S T R U C T O R I Z E R - User Guide
Elements > Call

Subroutine CALLs

The CALL element is quite similar to a simple instruction. The difference is that the executed instruction is a call to a user-defined subroutine (also see Type) represented by another diagram.

Subroutines may be classified into procedures, which do not return a result and are used as command, and functions, which return a value and are to be used as expression. Hence, the calls to procedures and functions differ slightly in their syntax. Generally, in a programming language, functions could be called at arbitrary nesting levels in expressions (as is possible with the built-in functions of Structorizer). With the CALL elements in Structorizer referring to other (customer-defined) diagrams it's different, however:

If you want to allow the Executor to perform such a Call element or if you want the code export working then the CALL should contain just a single line, either of the form

procedureName(value1, value2, ..., valueN)


variable <- functionName(value1, value2, ..., valueN)

The argument list may be empty, but the parentheses must not be omitted. The arguments (value1 through valueN in the templates above) may not only be represented by literals or variable names but by arbitrary valid expressions with operators and built-in functions. The only restriction is that the expressions may not contain further custom-routine CALLs. The argument expressions are to be separated with commas.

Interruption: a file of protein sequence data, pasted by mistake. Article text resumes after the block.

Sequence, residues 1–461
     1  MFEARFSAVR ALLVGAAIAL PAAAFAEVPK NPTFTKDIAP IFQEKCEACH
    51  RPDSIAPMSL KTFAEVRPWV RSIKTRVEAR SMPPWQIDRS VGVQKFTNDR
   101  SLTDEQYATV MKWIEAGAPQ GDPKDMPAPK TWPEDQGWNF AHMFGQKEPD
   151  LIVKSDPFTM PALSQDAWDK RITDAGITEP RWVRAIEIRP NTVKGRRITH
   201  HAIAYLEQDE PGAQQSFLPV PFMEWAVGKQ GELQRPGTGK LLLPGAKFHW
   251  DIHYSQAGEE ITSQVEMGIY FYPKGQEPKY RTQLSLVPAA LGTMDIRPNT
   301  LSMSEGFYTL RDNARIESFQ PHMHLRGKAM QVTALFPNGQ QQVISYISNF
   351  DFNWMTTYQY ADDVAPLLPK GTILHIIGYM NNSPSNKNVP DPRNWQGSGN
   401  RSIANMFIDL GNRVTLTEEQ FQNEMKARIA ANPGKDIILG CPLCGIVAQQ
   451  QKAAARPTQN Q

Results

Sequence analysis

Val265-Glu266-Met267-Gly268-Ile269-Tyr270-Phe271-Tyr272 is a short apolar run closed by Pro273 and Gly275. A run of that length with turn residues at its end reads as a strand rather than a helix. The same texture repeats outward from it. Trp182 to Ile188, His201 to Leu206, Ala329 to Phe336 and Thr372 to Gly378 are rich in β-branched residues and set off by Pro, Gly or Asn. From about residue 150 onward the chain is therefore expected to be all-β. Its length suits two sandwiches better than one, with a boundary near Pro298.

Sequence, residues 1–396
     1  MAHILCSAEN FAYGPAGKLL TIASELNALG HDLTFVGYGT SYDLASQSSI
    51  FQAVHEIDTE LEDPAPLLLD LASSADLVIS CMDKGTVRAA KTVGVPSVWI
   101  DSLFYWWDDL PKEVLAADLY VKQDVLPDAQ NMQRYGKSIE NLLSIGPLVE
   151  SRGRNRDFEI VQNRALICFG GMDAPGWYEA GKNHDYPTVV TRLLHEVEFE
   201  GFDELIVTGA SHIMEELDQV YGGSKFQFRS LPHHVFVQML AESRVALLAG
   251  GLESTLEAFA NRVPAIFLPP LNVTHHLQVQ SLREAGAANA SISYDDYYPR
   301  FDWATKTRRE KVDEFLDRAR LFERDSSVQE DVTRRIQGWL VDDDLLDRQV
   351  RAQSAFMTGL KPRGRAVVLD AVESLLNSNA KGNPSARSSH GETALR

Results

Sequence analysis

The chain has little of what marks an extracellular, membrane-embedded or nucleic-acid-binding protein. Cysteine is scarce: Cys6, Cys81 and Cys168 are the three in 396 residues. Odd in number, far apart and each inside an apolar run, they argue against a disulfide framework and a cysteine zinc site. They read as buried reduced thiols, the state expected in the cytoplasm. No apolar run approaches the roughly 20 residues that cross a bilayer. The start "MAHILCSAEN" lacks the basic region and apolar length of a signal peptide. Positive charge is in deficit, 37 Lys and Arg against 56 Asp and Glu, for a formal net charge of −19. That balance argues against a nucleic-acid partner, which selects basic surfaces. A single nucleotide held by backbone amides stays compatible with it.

Here is a simple example of a CALL element (yellow) within a function diagram:

Month length function with a function call

The called function is defined by another diagram (see Executor guide and Arranger page to learn how calls can be executed in Structorizer):

A callable function

The calling two-parameter function diagram daysInMonth above is of course also meant to be called by another algorithm.

On the Runtime Analysis manual page you will find an example of a pretty complex bunch of routines co-operating in the task of sorting an array; the core algorithm there (quickSortRecursive) is a recursion example.


If you want to write a recursive algorithm, you ought to place the recursive call into a CALL element as described above. Example:

recursive function, not working

Recursive function with correctly used CALL element
Though this diagram shows a fundamentally correct recursion,
it will not be executable in Structorizer because the CALL element (red) does not only consist of target variable, assignment symbol, and function invokation but embeds the function call in a multiplication.
This version of a recursive factorial algorithm decomposes the recursive branch into the assignment with the pure call on the right-hand side and a separate multiplication instruction. This way, Structorizer can execute it. (The expression n-1 as function argument is no problem.)

Instruction transmutation and routine outsourcing

There are two very helpful features to facilitate the creation of CALL elements.

  1. If you happened to write a subroutine call into a simple Instruction element by mistake, then you don't need to delete the element, insert a Call element and enter the entire statement again. By clicking the magic wand button Magic wand (transmutation button) (with the Instruction element selected) you may transmute it into a Call element (with same content). This can also serve as an easy test whether the statement complies with the syntax rules stated above. (Otherwise the transmutation button simply won't work.)
  2. If you realize that a designed algorithm has grown too large and should better be decomposed then you may "outsource" parts of the diagram into subroutine diagrams. Simply select the logically consistent element subsequence you want to make a subroutine from and click the menu item "Outsourcing icon Outsource". This will move the selected elements to a new subroutine and fill the gap with a Call to that subroutine diagram. See Outsourcing for details.